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Are You Caring For Yourself?

Don't use self-care as a tool to beat yourself up

We all know how important self care is for our mental health and well-being. We instinctively get that if we don't prioritize ourselves, we struggle to live a fully productive life and to help others around us.

Yet, I'm seeing a dangerous trend among my clients and friends. We innocently use this thing called "self-care" as just another weapon to emotionally beat ourselves up with. I hear statements such as, "I know I need self care but I'm just so tired." "I tried to do a routine but I couldn't stick with it." "Self care feels selfish". "I guess I'm just lazy".

That's because when we hear about self-care it is mostly described as a doing -- an action or an activity like yoga, massage, or taking a bath-- that will bring the feeling of peace and ease that we seek. These activities are wonderful, but what happens when we don't have the time, energy or space to do them?

We innocently put self-care on our to-do list or in a great big pile of "shoulds" that then becomes just another failed thing that we didn't get to in our already busy, stressed out day. Ironically, not getting to do "self-care" makes us feel even worse -- more exhausted and burned out, and less excited or loved.

Wouldn't it be a relief to know that you can cultivate the feeling of being cared for, in any moment of any day, even amidst the chaos?

I spoke with a client a few months ago who was feeling fried from homeschooling her kids during the pandemic, working full-time, building a business on the side, and finding time to exercise. She was understandably exhausted.

We were on a video call and she was on her phone, sitting outside on her back porch, which was the only private place she had to speak to me while her husband was helping the kids with their online schooling inside the house.

She said, "I know I'll feel better if I just get some time for myself. I'd love to go to a yoga class, but there's just simply no way to do that right now."

I asked her if she would be open to finding the time right now, right here, while we were on the call. "Here?" she asked, skeptical.

"Yes," I said. "In whatever way occurs to you to do right now, I want you to become fully present."

She set her phone down on the table, propped so I could still see her. I watched her as she sat up taller in her chair, her shoulders relaxed. She closed her eyes. It was spring, and there were pink buds on the trees behind her. I could hear birds chirping and the tinkling of a wind chime in the background.

After some time, I said, "Can you find the feeling of being cared for?"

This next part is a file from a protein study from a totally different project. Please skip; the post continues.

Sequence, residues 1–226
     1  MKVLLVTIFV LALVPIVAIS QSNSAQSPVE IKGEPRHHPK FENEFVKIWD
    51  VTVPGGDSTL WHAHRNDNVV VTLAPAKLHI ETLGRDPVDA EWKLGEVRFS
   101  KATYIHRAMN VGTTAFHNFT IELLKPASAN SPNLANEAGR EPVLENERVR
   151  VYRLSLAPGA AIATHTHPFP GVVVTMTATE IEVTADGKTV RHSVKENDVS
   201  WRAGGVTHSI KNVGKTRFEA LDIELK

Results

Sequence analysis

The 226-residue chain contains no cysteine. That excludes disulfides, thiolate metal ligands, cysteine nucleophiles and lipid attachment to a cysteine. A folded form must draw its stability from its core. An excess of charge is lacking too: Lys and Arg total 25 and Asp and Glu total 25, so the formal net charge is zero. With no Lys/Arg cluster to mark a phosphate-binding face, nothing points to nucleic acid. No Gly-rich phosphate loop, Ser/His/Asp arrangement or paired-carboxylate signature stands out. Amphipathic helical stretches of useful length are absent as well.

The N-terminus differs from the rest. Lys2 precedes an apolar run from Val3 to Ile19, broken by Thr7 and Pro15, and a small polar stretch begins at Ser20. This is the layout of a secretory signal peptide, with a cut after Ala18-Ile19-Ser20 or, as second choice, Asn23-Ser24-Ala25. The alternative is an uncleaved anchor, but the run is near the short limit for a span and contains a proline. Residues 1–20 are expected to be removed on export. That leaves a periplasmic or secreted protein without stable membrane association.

A smile stretched across her face. "Yes, I feel it."

"What does it feel like?"

"It feels warm and spacious. I can feel it in my chest. Like there's more room." She sighed a long exhale. "I know that I'm OK." She opened her eyes and picked up her phone to look at me. "Wow," she said, "that was amazing."

We don't have to DO self-care. We can simply BE with ourselves in a caring way.

When we show care to another human being, yes, sometimes it's through an action. We make them soup. We call them on the phone. We buy them a gift.

Oftentimes, it's the more subtle feeling of being cared for that we cultivate with the people we love. We listen. We hang out. We are just being with them in whatever way occurs for us to do in the moment.

We can do this with ourselves, too.

To me, the feeling of being cared for feels like connection, peace, harmony, presence, love, or the feeling of coming home. And, there isn't one sure-fire technique to get us there. Since this feeling is a part of who we are, there are infinite doorways into this cared-for feeling.

Now, if I had to frame it into steps it would be as simple as this:

  • Pause

  • Listen + Be

  • Notice the feeling of being cared for within yourself, underneath the noise

One of the most caring things we can do for ourselves is to simply stop the negative self talk that is so often stuck on repeat, and is the exact opposite of caring.

Stop judging.

Stop evaluating.

Stop comparing.

Stop worrying.

Just stop thinking about yourself in an unhelpful way for a few minutes.


We would never talk to our loved ones in the way that most of us talk down to our selves.

The feeling of being cared for is what naturally exists underneath our thinking, doing, hustling, and striving. We can cultivate a feeling of being cared for without the added pressure of the doing. We can fall back into the feeling of love, contentment, and peace from right where you are. There is no better time than now.

I leave you with a poem...

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